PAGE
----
I hope that the larger Open Orthodox and even Modern Orthodox community will take this proposal seriously, and with that may we end this blight on our community and this desecration of God’s name for all time. We must do what is right and, in the end, our community will be stronger for it and our Torah will again be a Torah of life. Hopefully our system will be a “light to the right” as well, and, speedily in our days, the problem will be solved for all Jewish women from any community.

Zev Farber


[1] To be clear, I do not consider sending thugs to beat up on recalcitrant husbands as a legitimate solution or as an example of wielding halakhic authority.

[2] I will explain more about this and other halakhic mechanisms in future postings.

[3] Here is a schematic look at the outline:

  1. Create a network of rabbis and communities who are intent on solving the problem.
  2. Become self-sufficient when it comes to divorce.
  3. Agree to use only batei din and mesadrei gittin who see themselves as part of the network.
  4. Rabbis who perform life-cycle events should be trained as mesadrei gittin.
  5. Ensure that our system is professional, transparent and user-friendly.
  6. In cases where an agunah situation does arise, the problem will be solved.
  7. When necessary, the vaad must be willing to bypass the husband entirely in finding a solution.
  8. The group is a vaad with an attached beit din, not just a beit din, because it must include lay members, pulpit rabbis, and community leaders of both genders
  9. All rabbis in this network must agree to only perform marriages with prenuptial agreements—specifically (but not limited to) the Tripartite Prenuptial Agreement.
  10. The community at large should pressure their rabbis and their synagogues to be part of this network.
  11. The goal is to create a system that works and is accepted by a large community, despite the strong probability that many on the right will reject the solution.

What Threatens the World and the Rabbinate? by Rav Yoel Bin Nun

July 4, 2013

What threatens the Torah world and the rabbinate? It is not the “draft decree” into the IDF, nor the “equality of burden” proposal, nor even budget cuts or the elections for the Chief Rabbinate. All these things do not threaten the Torah world or the rabbinate in any way.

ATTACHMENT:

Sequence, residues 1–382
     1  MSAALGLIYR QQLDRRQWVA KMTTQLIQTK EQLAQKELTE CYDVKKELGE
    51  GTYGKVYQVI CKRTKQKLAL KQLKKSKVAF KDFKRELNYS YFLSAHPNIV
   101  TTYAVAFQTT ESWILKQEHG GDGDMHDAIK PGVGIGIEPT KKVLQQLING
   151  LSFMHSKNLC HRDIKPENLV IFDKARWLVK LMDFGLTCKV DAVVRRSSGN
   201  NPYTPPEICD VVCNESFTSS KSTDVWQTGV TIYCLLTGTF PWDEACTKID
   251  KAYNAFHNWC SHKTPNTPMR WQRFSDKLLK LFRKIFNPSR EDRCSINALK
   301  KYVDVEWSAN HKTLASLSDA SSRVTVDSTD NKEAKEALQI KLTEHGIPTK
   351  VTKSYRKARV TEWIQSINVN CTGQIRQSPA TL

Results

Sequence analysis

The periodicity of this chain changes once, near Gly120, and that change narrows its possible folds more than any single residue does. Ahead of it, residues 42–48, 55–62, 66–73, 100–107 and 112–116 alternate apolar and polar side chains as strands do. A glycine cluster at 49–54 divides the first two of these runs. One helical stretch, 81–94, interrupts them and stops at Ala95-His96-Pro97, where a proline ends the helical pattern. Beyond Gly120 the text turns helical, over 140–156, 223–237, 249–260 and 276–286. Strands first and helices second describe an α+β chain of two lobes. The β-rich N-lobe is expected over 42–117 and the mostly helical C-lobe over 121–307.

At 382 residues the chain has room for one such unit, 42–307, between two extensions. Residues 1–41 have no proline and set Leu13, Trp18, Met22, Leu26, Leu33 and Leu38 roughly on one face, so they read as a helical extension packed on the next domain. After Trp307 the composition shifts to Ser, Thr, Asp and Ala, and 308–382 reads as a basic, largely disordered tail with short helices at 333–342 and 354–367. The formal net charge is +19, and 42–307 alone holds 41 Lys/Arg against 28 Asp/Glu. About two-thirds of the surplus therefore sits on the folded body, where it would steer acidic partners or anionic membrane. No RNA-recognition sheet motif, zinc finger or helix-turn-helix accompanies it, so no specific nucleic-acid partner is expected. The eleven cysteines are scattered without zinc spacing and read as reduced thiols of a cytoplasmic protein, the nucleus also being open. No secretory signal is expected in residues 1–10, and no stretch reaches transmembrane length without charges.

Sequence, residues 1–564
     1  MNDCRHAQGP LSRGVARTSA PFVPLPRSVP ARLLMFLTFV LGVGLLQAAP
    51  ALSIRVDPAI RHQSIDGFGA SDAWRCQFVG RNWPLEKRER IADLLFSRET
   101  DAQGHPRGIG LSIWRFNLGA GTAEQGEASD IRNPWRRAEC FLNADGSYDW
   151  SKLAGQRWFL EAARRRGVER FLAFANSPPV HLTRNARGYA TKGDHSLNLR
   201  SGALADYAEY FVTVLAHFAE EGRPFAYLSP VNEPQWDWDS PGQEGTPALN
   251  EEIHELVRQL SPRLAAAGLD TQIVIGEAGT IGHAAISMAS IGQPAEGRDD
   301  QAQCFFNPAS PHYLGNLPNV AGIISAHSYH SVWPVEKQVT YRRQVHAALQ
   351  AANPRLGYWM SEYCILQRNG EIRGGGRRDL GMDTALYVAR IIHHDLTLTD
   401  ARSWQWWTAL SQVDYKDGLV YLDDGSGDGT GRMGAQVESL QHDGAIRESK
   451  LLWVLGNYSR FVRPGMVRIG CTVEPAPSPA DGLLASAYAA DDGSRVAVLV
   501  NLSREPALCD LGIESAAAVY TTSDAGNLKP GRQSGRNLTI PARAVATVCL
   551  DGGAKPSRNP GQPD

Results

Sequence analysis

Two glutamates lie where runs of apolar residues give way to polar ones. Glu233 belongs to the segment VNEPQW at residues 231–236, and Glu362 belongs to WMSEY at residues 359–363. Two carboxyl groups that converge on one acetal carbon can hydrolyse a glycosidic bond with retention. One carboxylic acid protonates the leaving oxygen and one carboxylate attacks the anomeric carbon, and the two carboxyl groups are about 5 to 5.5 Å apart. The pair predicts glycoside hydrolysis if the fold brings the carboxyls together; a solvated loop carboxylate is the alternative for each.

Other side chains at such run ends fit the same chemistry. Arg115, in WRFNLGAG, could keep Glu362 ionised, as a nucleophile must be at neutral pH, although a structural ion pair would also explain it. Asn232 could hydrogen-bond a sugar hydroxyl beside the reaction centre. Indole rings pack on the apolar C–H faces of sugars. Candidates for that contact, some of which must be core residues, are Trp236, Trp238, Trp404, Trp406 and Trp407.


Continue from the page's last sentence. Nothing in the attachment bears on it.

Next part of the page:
If the elite members of the hareidi yeshivot will serve in some form or arrangement, their Torah world will only grow and deepen. This will be especially the case with those who are talented, especially with the Talmidei Chachamim amongst them.

During my service in the IDF, both during my initial service and during reserve duty, I was forced, by circumstances, to engage in in depth study of sugyot (areas of Talmud) and halakhot that by and large are not generally studied, such as Hilkhot Eiruvin as I was obligated to construct an eiruv by myself in the field during training missions, on more than one occasion, and of course to check the eiruv every Friday. In addition, I learned many laws of Kashrut and Shabbat in depth during my service in the IDF, because that is where one is confronted by many unusual circumstances. It is impossible to study daf yomi or the pristine sugyah in the standard tractate that is learned in the yeshiva. In the IDF one learns to live by the Torah in all situations, even in difficult circumstances, and on Shabbat one cannot simply call one’s posek.

If I had my druthers, I would test all of the bnei yeshiva in the country in Hilkhot Eiruvin and the like in order to demonstrate to the rashei yeshivot that it precisely the most talented and capable students who should serve in the IDF.

In the quota of those exempt from service in the army, if implemented, I would only include those whose religious commitment is weak and who may end up abandoning Torah observance during their service-as they are the ones who will not be asking the questions in Hilkhot Eiruvin.